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Sheer fashion: yes/no?

September 14, 2009

What do you think of designers sending 14, 15 year olds down the runway full frontal?

At Erin Fetherston yesterday, one model was ‘uncomfortable with wearing just a sheer top’ and Erin ‘solved the problem with a camisole’.

The model in question: Lea Groesland, yeah she’s 15. Won the latest V Magazine/Ford model search in July.

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Would you wear sheer tops? And is there a style guide on what to wear underneath sheer tops? For Spring runways do expect to see loads of these…

[image: style.com]

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6 Comments leave one →
  1. asyrafny permalink
    September 14, 2009 11:46 pm

    Well, she was lucky she still managed to walk the show. You know what they say about models speaking out…

    18 should be the age I guess for frontal nude, since then there won’t be a need for guardians at shows anymore. Can you imagine Karlie with a sheer top while her English teacher is backstage waiting in her? [i read that her teacher or a relative would accompany her for shows]

  2. September 15, 2009 1:31 am

    Easy answer there, if the model (or the guardian) doesn’t like the sheer item he/she has to wear, he/she doesn’t walk the show.

    Is age a factor.. not sure. Designers aren’t there to babysit the models, when you model you immediately are set in an adult world and god everybody knows that nudity can happen in fashion (from sheerness to nipple-slips etc..) and I (as a designer) don’t think a model has any right to wish for the designer to change the outfit so that she is more covered.
    There are always fittings, if the model doesn’t feel comfortable with what she needs to wear don’t walk the damned show.

    She probably knew she had to wear that outfit before the show and she choose to walk.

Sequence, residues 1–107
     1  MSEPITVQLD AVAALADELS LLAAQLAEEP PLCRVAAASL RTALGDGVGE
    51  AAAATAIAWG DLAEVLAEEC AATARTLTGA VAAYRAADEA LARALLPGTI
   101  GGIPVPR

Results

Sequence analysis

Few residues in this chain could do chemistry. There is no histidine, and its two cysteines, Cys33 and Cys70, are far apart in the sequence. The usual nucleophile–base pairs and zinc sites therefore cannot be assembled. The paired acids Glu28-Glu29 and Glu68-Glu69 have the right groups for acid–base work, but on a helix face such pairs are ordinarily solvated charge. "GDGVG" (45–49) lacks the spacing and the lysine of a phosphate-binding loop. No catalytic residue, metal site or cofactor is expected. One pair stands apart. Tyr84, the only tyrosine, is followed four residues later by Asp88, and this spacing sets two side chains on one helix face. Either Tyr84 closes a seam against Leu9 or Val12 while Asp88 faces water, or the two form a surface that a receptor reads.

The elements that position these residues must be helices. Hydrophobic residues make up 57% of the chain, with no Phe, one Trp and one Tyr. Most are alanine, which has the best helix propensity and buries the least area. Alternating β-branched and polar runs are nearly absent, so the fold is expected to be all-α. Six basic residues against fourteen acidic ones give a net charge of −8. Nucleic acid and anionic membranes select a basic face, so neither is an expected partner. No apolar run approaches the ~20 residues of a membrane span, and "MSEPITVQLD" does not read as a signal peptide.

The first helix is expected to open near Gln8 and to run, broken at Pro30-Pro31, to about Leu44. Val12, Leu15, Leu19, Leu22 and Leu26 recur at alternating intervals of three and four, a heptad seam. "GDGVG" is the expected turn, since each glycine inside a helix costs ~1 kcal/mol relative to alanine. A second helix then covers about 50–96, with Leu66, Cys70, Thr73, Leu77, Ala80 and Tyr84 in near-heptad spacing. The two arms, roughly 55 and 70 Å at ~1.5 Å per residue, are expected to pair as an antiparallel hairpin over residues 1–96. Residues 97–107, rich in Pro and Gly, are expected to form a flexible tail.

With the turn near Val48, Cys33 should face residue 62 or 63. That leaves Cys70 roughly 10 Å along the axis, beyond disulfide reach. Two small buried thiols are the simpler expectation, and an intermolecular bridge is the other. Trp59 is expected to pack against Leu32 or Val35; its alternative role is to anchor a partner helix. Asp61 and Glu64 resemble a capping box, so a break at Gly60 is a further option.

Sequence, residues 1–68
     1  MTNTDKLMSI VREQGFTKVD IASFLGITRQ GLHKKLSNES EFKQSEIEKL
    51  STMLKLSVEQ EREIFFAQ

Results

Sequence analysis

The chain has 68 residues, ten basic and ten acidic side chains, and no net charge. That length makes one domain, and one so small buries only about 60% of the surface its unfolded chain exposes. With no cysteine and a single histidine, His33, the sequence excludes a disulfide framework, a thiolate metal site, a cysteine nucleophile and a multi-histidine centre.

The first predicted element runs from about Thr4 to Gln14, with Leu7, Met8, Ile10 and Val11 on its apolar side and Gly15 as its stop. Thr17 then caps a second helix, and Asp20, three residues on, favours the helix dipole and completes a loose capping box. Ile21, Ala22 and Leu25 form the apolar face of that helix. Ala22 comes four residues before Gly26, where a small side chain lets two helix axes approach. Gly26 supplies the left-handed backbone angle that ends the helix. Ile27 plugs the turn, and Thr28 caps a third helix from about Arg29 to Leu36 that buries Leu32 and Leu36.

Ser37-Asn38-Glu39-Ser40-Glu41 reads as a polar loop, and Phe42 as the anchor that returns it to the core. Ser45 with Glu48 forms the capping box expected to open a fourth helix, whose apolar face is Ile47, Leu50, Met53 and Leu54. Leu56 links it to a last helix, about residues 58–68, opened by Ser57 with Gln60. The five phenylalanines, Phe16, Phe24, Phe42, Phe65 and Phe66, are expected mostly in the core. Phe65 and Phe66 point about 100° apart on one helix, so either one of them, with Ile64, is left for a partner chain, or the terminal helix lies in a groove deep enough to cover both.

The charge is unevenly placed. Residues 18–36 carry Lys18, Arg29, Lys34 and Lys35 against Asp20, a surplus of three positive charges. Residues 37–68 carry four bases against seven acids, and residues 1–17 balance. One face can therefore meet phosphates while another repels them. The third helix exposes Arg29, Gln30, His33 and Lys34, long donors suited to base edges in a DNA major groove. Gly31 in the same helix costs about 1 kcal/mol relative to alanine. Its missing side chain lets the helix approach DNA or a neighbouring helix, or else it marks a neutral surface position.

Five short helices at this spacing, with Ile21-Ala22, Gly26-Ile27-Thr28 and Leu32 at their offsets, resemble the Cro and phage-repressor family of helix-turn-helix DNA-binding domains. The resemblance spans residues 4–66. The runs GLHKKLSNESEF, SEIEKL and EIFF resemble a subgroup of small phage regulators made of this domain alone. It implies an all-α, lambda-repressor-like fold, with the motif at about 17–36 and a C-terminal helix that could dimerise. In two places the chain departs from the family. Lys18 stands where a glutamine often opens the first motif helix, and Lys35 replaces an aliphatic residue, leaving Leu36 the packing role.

(that said, it is appropriate for the designer to announce to the models that nudity/sheerness is involved in a collection)

    It might all sound a bit harsh but models choose to do what they do, if they are underage and not comfortable with something sheer or so then let the agency know so that they can warn the clients at castings instead of having a designer change an outfit. The answer lies with the models and agencies to make sure they don’t put the model in such a situation, if they’re underage keep their work in check, don’t expect designers to think about a models age.

  3. September 15, 2009 11:18 am

    i got a sheer top. its just i wouldn’t wear myself. was for like 5 hk bucks !

  4. aaron permalink
    September 16, 2009 10:51 am

    my main problem with the whole thing is why designers send sheer clothes down the runway without anything underneath in the first place. often these clothes are sold with a slip, and even if they aren’t, very few women in real life would wear them without something underneath (like, y’know, a BRA.). it’s just unseemly to walk around in broad daylight with your tits in full view. so why not present the clothes the way they would be worn in real life?

    and if as a designer it’s your VISIONNNN to have women walking around with their tits in full view… you’re just tacky imho.

    • September 16, 2009 11:12 am

      Couldn’t agree more with you. Put the model age issue aside first, how do you wear sheer clothes in real life? I am just seeing a lot of sheer pieces on the Spring runway and I wonder who buys them in the first place and how do you really wear it in real life. A camisole underneath is just pure unsightly.

  5. styletinerary permalink
    October 8, 2009 10:52 am

    I have no issue with lack of concealment on the runway – we don’t go to shows to see what we could see at the local coffee shop. We need something to talk, and write about – be it extreme, innovative, confronting. Of course I would recommend a camisole beneath transparent tops off the runway. In fact I would probaby advise against the trend altogether for most people (although I adored a number of sheer showings for ss10). On minors, I understand concerns but that debate is ongoing in fashion – sheer! women’s clothing and make-up on girls! – and, without significant changes to the way we work, will continue unresolved. What I can say is that fashion shoots and shows are not about sex and that’s a key learning for newer models. And maybe for all those rights groups who fire off a naysaying media release about every 8 months.

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